The council said on Friday that it would be launching a campaign this month to inform residents of the new measure, as well as spreading awareness of its benefits. When the restriction comes into effect in July, it will be monitored by the Barcelona Public Health Agency (ASPB).

Last summer smoking was prohibited on four of the ten beaches in Barcelona (Sant Miquel, Somorrostro, Nova Icària and Nova Mar Bella) from 29 May until 12 September. The regulations last year did not allow Barcelona City Council to actually apply sanctions, but bathers could be told to stop smoking by police officers, and if they then refused to do so, they could have faced fines for disobedience.

According to reports, only 2.6% of beach-goers defied the ban at the four beaches last summer, whilst 19% of those at the city’s other six beaches smoked.

The campaign last year highlighted that 13.8% of deaths annually in Barcelona are attributed to tobacco consumption – some 2,200 people. The campaign also focused on the danger of second-hand smoke, considered particularly harmful for children. A study last year revealed that more than 135,000 cases of respiratory diseases and over 3,000 hospitalisations in children aged under 12 in Spain are attributed to passive smoking.

According to the National Committee for the Prevention of Smoking, approximately five billion cigarette butts end up in the sea each year. Discarded cigarettes contain substances such as cadmium, iron, arsenic, nickel, copper, zinc, or manganese – some of which are toxic to both human and marine life.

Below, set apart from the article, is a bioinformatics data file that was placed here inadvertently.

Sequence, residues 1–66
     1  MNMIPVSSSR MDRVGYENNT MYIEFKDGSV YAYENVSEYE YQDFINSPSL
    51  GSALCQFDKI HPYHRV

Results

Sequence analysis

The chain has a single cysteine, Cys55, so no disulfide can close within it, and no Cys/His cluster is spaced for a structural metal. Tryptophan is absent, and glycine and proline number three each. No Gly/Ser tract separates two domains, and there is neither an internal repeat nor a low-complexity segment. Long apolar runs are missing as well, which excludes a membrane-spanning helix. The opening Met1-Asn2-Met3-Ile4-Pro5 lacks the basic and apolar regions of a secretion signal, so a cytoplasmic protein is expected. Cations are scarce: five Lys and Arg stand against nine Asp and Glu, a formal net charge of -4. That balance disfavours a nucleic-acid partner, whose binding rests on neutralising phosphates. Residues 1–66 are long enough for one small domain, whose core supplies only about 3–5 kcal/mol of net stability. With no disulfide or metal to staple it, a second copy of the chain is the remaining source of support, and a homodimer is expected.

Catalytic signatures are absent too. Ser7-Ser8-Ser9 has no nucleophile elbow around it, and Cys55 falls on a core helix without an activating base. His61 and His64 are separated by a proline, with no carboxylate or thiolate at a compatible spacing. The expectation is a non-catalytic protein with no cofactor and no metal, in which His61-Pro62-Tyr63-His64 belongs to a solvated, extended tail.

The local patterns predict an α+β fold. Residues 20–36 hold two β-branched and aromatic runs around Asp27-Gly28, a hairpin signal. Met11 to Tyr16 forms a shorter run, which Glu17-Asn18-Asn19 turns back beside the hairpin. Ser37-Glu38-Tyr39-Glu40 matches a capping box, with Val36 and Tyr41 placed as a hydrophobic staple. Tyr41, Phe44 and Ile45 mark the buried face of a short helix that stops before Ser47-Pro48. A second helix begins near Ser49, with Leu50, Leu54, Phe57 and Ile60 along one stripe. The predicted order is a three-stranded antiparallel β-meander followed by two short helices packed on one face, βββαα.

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Body of US software mogul John McAfee still in Barcelona morgue, seven months after his death

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The body of American anti-virus developer John McAfee remains in a morgue in the Barcelona City of Justice complex, in the northeastern Spanish region of Catalonia, seven months after his death. It is currently located in the Legal Medicine Institute (Imelec), a grey building with honeycomb windows, while a judge has been preparing a report on his death.

That report, released this week, has determined that the software mogul died by suicide in his prison cell in Barcelona province on June 23, 2021 as he awaited extradition to the United States on charges of failing to file US tax returns from 2014 to 2018.

The 75-year-old’s family had raised questions about the circumstances of his death, even though an autopsy concluded that McAfee hung himself inside his cell at Brians 2 penitentiary in Sant Esteve Sesrovires. Prison workers found a suicide note in the pocket of his pants.